Travel to Europe showed healthy gains in 2015, thanks in large part to a strong U.S. dollar. New tour product appealed to niche markets; new hotel openings enticed luxury travelers and new promotions piqued interest in some lesser-known destinations.
Agents, wholesalers, tour operators and hoteliers were for the most part, extremely optimistic about Europe travel this year.
Of course, not all headlines from the region were positive. Paris was rocked by the Charlie Hebdo shootings in January, and again by the tragic attack in November. In late summer, an attempted attack was foiled on a high speed Amsterdam-Paris train.
Enhanced security and extra precautions are a sign of the times in Europe. But they’re the new normal in most places. Travelers are a resilient lot; not easily deterred. Throughout the year, agents remarked that first-time visitors were especially eager to explore a more-affordable Europe. And frequent visitors were eager to venture beyond popular tourist destinations.
Here’s a look back on stories and topics Travel Agent readers were most interested in this past year.
Not surprisingly, river cruising tops the list. The segment continued to grow in Europe, both in terms of fleet expansion and market entrants. Several tour operators announced new or enhanced collaborations with established lines. Examples include the strategic brand alliance between Backroads and AmaWaterways; new A&K Connections River Cruise & Land Journeys on Amadeus Silver III and Avanti Destinations' first-ever river cruises, aboard CroisiEurope.
Top river cruise news items included last summer’s low water levels on the Elbe and Danube. A number of lines either cancelled sailings entirely or adjusted schedules to work around the problem in mid and late July. Those workarounds included ship swaps, motor coach tours, “bonus” excursions and future cruise credits. The vicissitudes of Mother Nature no longer lead to major disruptions in the river cruise industry.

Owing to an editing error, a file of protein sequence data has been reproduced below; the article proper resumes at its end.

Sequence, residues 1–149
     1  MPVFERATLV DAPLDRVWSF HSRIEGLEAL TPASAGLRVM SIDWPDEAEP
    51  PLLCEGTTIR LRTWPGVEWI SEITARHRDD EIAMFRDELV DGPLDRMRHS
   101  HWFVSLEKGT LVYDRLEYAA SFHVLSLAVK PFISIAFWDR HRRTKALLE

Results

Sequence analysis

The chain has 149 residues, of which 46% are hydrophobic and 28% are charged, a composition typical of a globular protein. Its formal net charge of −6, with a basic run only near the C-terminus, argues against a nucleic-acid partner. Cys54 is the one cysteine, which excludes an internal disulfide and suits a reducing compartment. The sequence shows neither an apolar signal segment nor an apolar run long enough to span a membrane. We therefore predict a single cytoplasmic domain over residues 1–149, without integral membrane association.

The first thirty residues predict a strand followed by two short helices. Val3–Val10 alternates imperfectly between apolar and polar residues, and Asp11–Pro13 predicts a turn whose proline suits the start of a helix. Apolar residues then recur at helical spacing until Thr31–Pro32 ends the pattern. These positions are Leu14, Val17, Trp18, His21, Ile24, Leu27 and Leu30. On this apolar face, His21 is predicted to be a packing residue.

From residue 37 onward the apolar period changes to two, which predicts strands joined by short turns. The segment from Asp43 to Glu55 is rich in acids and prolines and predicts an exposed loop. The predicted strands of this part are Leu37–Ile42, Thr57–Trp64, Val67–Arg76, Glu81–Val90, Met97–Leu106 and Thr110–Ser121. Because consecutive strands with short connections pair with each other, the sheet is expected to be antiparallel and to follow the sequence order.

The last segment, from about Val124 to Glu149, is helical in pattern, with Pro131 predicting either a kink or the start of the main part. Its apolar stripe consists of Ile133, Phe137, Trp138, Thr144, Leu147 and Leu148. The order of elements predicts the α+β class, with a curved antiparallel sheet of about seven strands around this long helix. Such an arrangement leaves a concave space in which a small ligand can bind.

The vicissitudes of the Greek economy did, however, cause some worry.
As the year began, tour operators and wholesalers were especially bullish about Greek sales. But by mid-year, attention was fixed on reports about civil aviation strikes, bank closures, cash withdrawal limits and protest rallies. All came as Greece struggled to renegotiate loans to the IMF, its future in the Eurozone hanging in the balance.
Despite fears that the tourism industry would collapse, tour operators and agents reported surprisingly few disruptions. That’s mostly due to the fact that credit card transactions continued without problems. And, the Greeks redoubled their famous hospitality to the vital tourist segment.
Nearby in Turkey, the hotel scene in Istanbul is attracting attention.
Noteworthy openings in the past year or so include the Raffles Istanbul. It’s located in a luxury shopping mall that also houses the country’s largest performing arts center. Also in a luxury shopping area is the Art Deco-inspired St. Regis Istanbul. And the Soho House Istanbul is next to the former U.S. Consulate building. There’s a private member-only club in the consulate that Soho guests can access.
Elsewhere in Europe, travel professionals with whom we spoke consistently mentioned two destinations: Spain and Portugal. Interest in both is on a definite upswing, with travelers venturing beyond the major tourist centers.
Portugal’s Douro River saw additional cruise lines enter the market. And hotels such as the Six Senses, which opened in the Douro Valley this year, are highlighting the region.
In Spain, luxury operators are entering the acclaimed Santiago de Campostela market. And Barcelona continues to hold its own as the country’s hippest hotel scene. Among the high-profile openings this year: The Hotel Cotton House. The 83-room Autograph Collection property is located in the 19th-century headquarters of the Cotton Manufacturers Association.
Other major luxury hotels to open this year are La Grande Maison Bordeaux; Kempinski Hotel Berchtesgaden, Germany; Mandarin Oriental Milan; The Gainsborough Spa in the UK; Villa Làrio in Lake Como; and Villa René Lalique in Alsace.
Airlines in the news this year included Lufthansa Group. Enhanced Lufthansa service to Frankfurt from New York’s JFK on flagship Boeing 747-8 aircraft was our most-read airline story. Another story that resonated with readers was Lufthansa Group’s decision to charge EUR 16 extra for tickets booked via GDS.
The group airlines (Lufthansa, Austrian Airlines, Swiss International Air Lines (SWISS) and Brussels Airlines) claimed the charge was needed to offset higher costs associated with GDS. The fee isn’t assessed against bookings made directly with the carriers.
The move is part of an overall shift of commercial strategy to focus on flight operations rather than ticket sales as a revenue base.
The new charge has been roundly criticized by agent advocacy groups since its implementation on September 1, 2015. It remains no doubt, one top story that will remain in the headlines in the coming year.